Raising Cane!

Trip Start Jul 04, 2010
Trip End May 10, 2011

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Where I stayed
Hotel Primavera

Flag of El Salvador  , La Paz,
Wednesday, March 9, 2011

Playa San Diego to Zacatecoluca 50km
38C after 9am

Trip Alt 429 m
Max Alt 250 m
Avg slope 3%
Max slope 13%

We decided to break the 150km distance to Playa Cuco into 3 equal segments. 50km in a day is about right for us, as long as the hills are not too gruesome. Today's goal is Zacatecoluca, a decent size town, 54km up the road.

Up and at 'em at 5:30. Kelly unlocked the gate for us as she was on her way out to a surf spot to watch the sunrise.
The dirt road shortcut took us to the Carretera Litural, the main highway, a kilometer away worked out great and we were rolling down the wide shoulder of highway 2 in no time. The terrain toward the airport, our way, was flat but we were going up hill gently. And apart from 3 manhole covers missing on the shoulder, the road was in great shape.
After about 10 km Dave had the first flat of the day.  

We found a cane field near the road where a crew was hard at work harvesting the cane. Bus loads of workers with machetes whacked away. A front end loader picked up large clumps of cane and lifted it onto the truck. The small stuff left behind after the main clean-up, was loaded on a small oxcart. Interesting to watch. But boy, do those workers, work!

Christopher Columbus first brought cane to the Americas during his second voyage.t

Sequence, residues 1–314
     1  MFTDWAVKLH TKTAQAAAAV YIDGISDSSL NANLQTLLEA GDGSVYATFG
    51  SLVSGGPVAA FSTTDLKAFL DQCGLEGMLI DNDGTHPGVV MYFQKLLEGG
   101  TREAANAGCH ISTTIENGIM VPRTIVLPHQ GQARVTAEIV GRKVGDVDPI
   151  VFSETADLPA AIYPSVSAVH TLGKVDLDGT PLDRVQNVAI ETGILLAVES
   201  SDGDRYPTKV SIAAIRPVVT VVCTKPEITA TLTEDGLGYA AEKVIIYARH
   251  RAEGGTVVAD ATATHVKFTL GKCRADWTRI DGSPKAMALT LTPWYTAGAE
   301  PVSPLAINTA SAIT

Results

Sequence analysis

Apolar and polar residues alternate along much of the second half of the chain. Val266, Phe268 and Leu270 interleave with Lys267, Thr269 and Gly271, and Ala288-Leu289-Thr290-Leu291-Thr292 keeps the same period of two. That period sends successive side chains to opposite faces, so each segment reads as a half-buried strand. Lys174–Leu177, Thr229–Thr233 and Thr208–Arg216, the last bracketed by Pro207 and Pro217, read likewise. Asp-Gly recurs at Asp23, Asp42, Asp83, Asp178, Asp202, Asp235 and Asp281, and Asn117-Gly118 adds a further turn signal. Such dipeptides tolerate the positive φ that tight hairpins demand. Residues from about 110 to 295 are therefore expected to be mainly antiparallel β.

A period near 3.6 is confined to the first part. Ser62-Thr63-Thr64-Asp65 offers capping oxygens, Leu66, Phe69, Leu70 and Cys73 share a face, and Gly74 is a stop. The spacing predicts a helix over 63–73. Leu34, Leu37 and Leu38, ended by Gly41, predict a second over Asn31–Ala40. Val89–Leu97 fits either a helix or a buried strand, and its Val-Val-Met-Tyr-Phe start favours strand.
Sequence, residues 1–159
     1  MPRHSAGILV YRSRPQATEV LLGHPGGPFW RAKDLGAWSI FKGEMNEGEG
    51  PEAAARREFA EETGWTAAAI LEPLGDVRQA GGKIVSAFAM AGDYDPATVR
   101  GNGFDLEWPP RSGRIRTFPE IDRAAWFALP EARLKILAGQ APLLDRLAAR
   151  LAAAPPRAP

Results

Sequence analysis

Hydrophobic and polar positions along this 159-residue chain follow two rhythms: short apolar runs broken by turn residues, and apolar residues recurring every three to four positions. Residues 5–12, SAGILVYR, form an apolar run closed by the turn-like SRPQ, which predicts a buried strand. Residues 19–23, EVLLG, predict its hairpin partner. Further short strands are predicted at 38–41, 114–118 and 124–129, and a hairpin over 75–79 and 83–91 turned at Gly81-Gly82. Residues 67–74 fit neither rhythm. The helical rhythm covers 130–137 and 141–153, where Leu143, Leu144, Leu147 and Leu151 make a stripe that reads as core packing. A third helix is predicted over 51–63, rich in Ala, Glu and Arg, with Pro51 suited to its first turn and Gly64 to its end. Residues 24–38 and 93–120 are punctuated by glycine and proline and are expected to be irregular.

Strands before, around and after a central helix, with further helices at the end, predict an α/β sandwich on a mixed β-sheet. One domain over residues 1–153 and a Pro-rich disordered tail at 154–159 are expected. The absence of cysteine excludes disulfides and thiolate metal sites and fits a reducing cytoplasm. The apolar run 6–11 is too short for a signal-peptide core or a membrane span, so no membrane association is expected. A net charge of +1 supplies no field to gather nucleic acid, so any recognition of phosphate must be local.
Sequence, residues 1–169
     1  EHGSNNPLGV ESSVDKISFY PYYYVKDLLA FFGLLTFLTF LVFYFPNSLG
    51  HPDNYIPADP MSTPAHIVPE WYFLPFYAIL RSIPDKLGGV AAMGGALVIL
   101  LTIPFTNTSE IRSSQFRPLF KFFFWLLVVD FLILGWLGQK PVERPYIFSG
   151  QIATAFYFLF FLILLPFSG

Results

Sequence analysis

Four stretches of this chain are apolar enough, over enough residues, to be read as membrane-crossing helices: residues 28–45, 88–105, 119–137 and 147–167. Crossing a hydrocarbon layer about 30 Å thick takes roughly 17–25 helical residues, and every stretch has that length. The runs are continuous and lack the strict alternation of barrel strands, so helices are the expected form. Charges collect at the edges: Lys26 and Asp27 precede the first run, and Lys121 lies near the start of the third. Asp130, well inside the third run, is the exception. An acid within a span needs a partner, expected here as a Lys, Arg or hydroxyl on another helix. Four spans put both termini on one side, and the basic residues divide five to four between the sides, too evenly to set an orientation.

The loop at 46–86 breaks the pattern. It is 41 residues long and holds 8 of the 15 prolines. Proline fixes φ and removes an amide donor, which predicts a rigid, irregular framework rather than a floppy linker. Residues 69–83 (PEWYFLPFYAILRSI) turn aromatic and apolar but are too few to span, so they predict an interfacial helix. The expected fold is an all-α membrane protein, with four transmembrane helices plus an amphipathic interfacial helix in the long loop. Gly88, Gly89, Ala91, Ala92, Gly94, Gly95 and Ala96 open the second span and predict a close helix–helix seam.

Then, just beyond the intersection to San Salvador and the airport, the road became more up and down and snaked through the country side. We had a pretty stiff head wind as well. Michelle felt her load was loose and asked Dave to double check the rack again. Rack is a bit sloppy but the problem this time was a rapidly deflating rear tire. In the process of patching the tube, we noticed the tread was done and the inner case of this nice tire was showing. Time for a replacement soon. Hills and heat began to wear us down. As the heat became intense, the hills became mountains for Michelle. We stopped in a small town for breakfast to find the tire was going flat a second time. It was not a good day for Michelle's trusty TREK Bike. We roasted and at last, at around 1 ish, got to Zacateculuca where we followed a hotel recommendation from a cop. "Hotel Primavera" and were thrilled with the $15. aircon room. The bikes even fit in the room. Michelle did ask them to change the sheets which they happily did. The aircon had two settings, South Pole and Off.

Dave went to scout town for a new back rack or clamps to fix the old one. He also made the rounds of the pharmacies looking for a place to refill one of Michelle's prescriptions. He stuck out at the bike shops in town and the pharmacies. And this is a fair size town (40000). Then, on his way to the supermarket, he noticed the hardware store had a sign stating they had paint, building supplies, bike and car parts. What the heck. He had learned at the bike shop that he was looking for a 'pa-rey-ya'. That worked for the clerk and he came out with his one and only rack. $6.50 later, the gem was ours. It wasn't really designed for panniers, but with a few added washers and duct tape, it was good to go. We examined the old rack to tally 3 broken weld and a cracked eyelet. 

The rear tire was getting soft again. Yep, time to replace that too. Only 3000 miles and the rear tire was worn and falling apart. Dave had been carrying an extra tire on our last few bike trips and finally it payed off. Although, even the smallest towns we have gone through on this outing seem to have tires that would work until we find something better.

As the sun was going down, we journeyed toward the market in search of some grub. But the market was closing down and only a few restaurants in the town center were still open. We went into the fast food chicken place to discover they had WiFi, AirCon, and 2 for 1 pizza. What more could we ask?
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